Fr Nesbitt's 40th

Last evening, the Church of Our Lady, Help of Christians in Folkestone was packed to celebrate the 40th anniversary of Fr Roger Nesbitt's ordination to the priesthood. In the first years of his priesthood, Fr Nesbitt taught Chemistry and RE at the John Fisher School in Purley. During that time, together with Fr Holloway, he founded the Faith Movement. After a spell as assistant priest in Lewisham, he was appointed to Folkestone in the year that I was ordained (1984).

There was a large number of concelebrants for the Mass in thanksgiving with the proper texts for the Mass of Christ the High Priest. The sermon, given by a former pupil, was a fiery, uplifting and theologically rich discourse on the gift of the priesthood.

At the end of Mass, I gave a short address on behalf of all the priests who had been helped in their vocation by Fr Nesbitt (a long list) and placed an illuminated scroll from them as an offering on the altar of Father's parish Church. Sister Roseann Reddy presented a beautiful picture from the Sisters of the Gospel of Life who acknowledged his characteristically down-to-earth encouragement. ("You just have to get on with it!")

This is the text of my address for the occasion:
I was recently asked by a television interviewer what was the secret of a successful parish. I replied that I will only know if my parish is successful when I appear before Christ at the Last Judgement and he shows me how many of my parishioners have gone to heaven.

However there is one sign of effective priestly ministry that can be measured here on earth. That is to see how many other men have been inspired by the example of a priest to respond to a priestly vocation themselves.

Many of us at this Mass this evening have been assisted by Fr Nesbitt’s priestly example to say “Yes” when we heard God make that call “Follow me!” During his time at the John Fisher School, he showed us what it was like to live joyfully and devoutly as a priest. He taught us the value of the Mass and the sacraments. He taught us how to pray. As a parish priest, he has shown us how to be a good pastoral priest. His wisdom brings us down to earth at times and punctures our pride, his humour often brings a new slant to hackneyed problems, and his constant devotion reminds us of the eternal truths that are at the heart of the priestly life.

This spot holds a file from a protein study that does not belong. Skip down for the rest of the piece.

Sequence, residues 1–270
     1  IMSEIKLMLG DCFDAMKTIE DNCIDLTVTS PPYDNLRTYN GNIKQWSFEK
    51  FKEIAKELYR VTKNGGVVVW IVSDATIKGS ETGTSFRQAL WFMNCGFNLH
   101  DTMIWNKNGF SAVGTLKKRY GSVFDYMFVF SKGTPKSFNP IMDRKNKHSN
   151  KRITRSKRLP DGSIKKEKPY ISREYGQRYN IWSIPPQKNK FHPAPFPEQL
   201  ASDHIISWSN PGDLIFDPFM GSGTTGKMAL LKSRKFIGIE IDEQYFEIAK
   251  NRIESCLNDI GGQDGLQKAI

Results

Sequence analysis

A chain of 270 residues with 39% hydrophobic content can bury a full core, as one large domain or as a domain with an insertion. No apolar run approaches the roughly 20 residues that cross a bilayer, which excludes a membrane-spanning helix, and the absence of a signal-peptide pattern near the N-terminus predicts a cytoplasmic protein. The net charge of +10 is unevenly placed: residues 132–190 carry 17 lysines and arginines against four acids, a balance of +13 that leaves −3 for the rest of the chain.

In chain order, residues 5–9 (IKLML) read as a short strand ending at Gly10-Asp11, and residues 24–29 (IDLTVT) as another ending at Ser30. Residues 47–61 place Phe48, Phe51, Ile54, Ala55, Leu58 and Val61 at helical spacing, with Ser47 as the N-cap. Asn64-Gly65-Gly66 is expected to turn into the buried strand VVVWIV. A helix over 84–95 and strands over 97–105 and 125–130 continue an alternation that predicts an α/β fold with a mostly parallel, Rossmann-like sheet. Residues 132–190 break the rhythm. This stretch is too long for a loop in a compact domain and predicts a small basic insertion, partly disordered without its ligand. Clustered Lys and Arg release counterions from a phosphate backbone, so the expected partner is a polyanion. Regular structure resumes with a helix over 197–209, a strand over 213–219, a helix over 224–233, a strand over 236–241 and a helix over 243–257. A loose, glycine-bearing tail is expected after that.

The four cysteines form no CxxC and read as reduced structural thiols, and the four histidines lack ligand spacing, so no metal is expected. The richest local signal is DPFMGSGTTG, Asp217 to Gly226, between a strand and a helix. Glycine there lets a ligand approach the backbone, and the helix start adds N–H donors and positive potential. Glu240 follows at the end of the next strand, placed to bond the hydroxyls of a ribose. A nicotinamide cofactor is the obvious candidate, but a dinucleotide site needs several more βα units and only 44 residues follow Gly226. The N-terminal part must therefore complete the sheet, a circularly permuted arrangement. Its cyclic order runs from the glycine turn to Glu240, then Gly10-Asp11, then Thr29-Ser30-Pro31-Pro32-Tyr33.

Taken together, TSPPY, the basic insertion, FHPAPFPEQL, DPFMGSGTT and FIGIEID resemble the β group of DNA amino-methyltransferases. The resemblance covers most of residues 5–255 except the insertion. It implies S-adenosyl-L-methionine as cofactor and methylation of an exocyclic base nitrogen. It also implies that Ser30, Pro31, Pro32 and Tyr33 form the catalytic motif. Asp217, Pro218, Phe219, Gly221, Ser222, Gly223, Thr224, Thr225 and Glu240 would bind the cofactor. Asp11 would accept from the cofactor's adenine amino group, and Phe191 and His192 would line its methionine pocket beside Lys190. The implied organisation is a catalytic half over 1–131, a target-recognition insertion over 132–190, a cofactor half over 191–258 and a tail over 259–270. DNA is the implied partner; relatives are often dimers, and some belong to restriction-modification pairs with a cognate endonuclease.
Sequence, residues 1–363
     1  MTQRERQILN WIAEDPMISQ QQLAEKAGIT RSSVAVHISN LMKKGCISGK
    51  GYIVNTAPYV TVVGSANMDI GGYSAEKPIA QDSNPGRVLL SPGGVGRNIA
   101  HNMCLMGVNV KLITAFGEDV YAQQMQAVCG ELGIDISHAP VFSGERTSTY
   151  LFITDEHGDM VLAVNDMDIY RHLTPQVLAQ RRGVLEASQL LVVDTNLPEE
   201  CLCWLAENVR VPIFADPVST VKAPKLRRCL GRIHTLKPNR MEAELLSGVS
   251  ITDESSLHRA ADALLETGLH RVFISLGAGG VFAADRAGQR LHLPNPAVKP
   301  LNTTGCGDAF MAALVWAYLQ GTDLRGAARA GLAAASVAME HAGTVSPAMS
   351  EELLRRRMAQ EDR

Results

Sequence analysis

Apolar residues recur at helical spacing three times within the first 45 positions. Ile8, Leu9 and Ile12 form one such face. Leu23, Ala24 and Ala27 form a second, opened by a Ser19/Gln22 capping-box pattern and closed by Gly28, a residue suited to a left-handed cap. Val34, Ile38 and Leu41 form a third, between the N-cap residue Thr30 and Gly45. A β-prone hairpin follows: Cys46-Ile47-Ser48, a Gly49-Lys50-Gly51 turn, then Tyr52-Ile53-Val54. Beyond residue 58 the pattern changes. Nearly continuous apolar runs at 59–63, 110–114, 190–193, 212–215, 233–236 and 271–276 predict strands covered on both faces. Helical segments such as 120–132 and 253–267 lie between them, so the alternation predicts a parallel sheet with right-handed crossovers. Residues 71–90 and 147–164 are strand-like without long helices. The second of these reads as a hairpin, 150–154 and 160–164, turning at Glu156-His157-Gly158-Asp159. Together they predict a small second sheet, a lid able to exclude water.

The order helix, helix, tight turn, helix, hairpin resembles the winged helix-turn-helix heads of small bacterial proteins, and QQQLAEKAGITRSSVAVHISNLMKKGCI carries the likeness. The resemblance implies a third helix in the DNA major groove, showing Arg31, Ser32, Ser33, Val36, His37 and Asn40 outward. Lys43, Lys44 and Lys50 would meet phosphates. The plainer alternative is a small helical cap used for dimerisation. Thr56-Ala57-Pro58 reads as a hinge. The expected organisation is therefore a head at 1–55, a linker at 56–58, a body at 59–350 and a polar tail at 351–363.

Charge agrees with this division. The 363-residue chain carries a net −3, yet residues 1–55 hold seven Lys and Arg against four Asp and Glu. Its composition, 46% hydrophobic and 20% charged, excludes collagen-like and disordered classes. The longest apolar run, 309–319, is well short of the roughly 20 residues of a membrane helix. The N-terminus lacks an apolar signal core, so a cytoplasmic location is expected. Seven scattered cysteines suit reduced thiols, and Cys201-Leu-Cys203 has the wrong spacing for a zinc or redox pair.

You his parishioners will know him as a priest for you. You may also share a legitimate pride when I tell you that he is also a priest for his brother priests too. We are deeply in debt to him because a man who has been ordained in the service of the altar knows the priesthood as the most precious gift. By his teaching and example, Fr Nesbitt has led so many of us to embrace that gift from God with confidence and hope. Therefore a scroll has been prepared recording our thanks to him and our prayers on the occasion of the 40th anniversary of his priestly ordination. Father has not received any recognition for his work in terms of canonries, honours, professorships or even a hint of purple. We hope that the recognition by so many priests of his influence on their vocation will serve as a greater mark of honour in the sight of Christ.

I will ask you not to applaud – as Cardinal Arinze has pointed out, we come to Church to praise God, not man. What I ask you to do is to join me in giving thanks and glory to God for the good work that he has achieved through our good friend and father in God.

Popular posts from this blog

Medieval Squints and Adoring Jesus in the Blessed Sacrament

The Holy Ghost and the meaning of divinely given peace

The Vesting Prayers and Recollection in the Sacristy

Saint John Fisher, the Cardinal Martyr and inspiration to the young

How to make an act of perfect contrition